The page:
Editorials

Plenty of blame to go around in fatal Amtrak crash

Call it a crash, or call it a catastrophe. But don’t call the December 2017 Amtrak train derailment near DuPont, which killed three people and injured dozens more, an accident.

An accident is something unforeseen, an unplanned event or circumstance. But the 53 findings from the National Transportation Safety Board investigation presented last week clearly show that the inaugural Amtrak Cascades run on the Point Defiance Bypass route didn’t meet that definition.

It was doomed before it left Tacoma Dome station.

Tuesday’s hearing revealed that major safety precautions were put off or ignored at the public’s peril. The NTSB assigned a large portion of responsibility to Sound Transit, which owns the $181 million stretch of track.

According to NTSB Chairman Robert Sumwalt: “The probable cause of Amtrak 501 derailment was the Central Puget Sound Regional Transit Authority’s (Sound Transit) failure to provide an effective mitigation for the hazardous curve.”

But the blame spreads widely. The Washington state Department of Transportation, Amtrak and the Federal Railroad Administration were implicated, as well.

“There were known hazards,” Sumwalt said, adding that if all these agencies were “more engaged and assertive during the preparation of the inaugural service, it would have been more likely that safety hazards would have been better identified.”

If you hear echoes from the recent investigations of two Boeing 737 Max jet crashes, you’re not alone. Evidence indicates the rail and airline disasters all resulted from systemic failures, which point to alarming regulatory gaps in our transportation network.

The humans at the controls, whether engineers or pilots, shouldn’t be scapegoated for all that went wrong.

At the time of the derailment, the average Uber driver probably had better GPS technology than the railcars carrying 85 people. Lives would have been spared if readily available technology like Positive Train Control had been in place.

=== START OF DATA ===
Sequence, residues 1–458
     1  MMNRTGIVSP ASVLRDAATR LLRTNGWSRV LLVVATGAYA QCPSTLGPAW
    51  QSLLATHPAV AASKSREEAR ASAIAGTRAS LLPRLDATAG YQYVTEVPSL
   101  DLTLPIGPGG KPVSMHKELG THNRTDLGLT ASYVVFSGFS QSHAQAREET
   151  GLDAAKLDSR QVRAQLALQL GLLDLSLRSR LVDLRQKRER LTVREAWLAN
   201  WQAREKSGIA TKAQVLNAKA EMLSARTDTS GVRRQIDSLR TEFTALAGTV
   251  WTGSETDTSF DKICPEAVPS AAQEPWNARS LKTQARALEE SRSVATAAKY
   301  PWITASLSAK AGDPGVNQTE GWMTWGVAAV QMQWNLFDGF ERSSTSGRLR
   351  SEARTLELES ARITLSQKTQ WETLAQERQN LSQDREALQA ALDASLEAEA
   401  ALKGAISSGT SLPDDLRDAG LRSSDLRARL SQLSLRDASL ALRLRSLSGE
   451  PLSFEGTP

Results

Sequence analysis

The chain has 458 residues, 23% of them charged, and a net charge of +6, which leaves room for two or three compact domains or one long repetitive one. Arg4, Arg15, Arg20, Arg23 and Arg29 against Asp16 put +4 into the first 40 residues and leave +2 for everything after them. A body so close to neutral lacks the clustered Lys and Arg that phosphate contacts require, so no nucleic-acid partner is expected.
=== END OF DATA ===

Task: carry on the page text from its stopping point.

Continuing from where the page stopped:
Accident-avoidance systems like PTC have been within reach since the early 1990s, but they’re expensive and difficult to install.

In a press release issued right after the NTSB hearing, state Sen. Steve O’Ban of Tacoma was right to question why, four days before the crash, the Federal Railroad Administration granted Amtrak an exemption from the critical speed-control technology.

“If safety is the FRA’s paramount concern, why was Amtrak granted this exemption?” O’Ban asked.

It’s the kind of question that watchdogs need to keep asking. Rail crash data obtained by the Associated Press in 2017 found that the deaths of nearly 300 people could have been prevented had railroads across the U.S. implemented PTC.

Since the DuPont crash, advanced safety systems have been put in place. WSDOT says it will restart the Point Defiance Bypass route soon. But it’s still inexcusable that decades of deadly train accidents preceded the adoption of lifesaving safety standards.

The Bypass was designed to shave 10 minutes off the commute time between Tacoma and Olympia, but the southbound route includes a sharp turn that requires a reduced speed.

The Amtrak engineer should have seen the curve from a mile away, but inadequate preparation -- he’d completed only one training trip on the southbound route -- and substandard signage kept him from doing so. He took the 30-mile-per-hour turn going 80.

No doubt the engineer carries guilt from the crash, but Sumwalt said he “was set up to fail.” Investigators determined that fatigue, drugs or alcohol played no part.

What the NTSB investigation revealed was a web of systemic dysfunction between public and private agencies. It also pointed to the 21-year-old Talgo railcars, which the NTSB said “failed to provide occupant protection.”

When the train hit the curve, the lightweight aluminum railcars broke loose and plunged onto Interstate 5; other railcars dangled precariously over the Mounts Road Bridge.

Witnesses described a chaotic scene. In the wreckage, first responders found 16-year-old Timmy Brodigan upside down and barely breathing, his neck broken.

Within a day of Tuesday’s hearing, WSDOT announced it plans to replace more than 50 of the Talgo railcars “as soon as possible” but no later than 2025.

Not coincidentally, that’s one of the long list of recommendations that came out of the NTSB hearing. Some of the others include increasing training requirements for railroad personnel, using training simulators, enhancing signs at key locations, improving coordination between agencies and strengthening oversight.

Transportation officials at all levels must act with urgency. Nothing will undo the tragic outcome of this derailment, but if the Federal Railroad Administration doesn’t enforce NTSB’s recommendations, we foresee another passenger rail tragedy not far around the bend.

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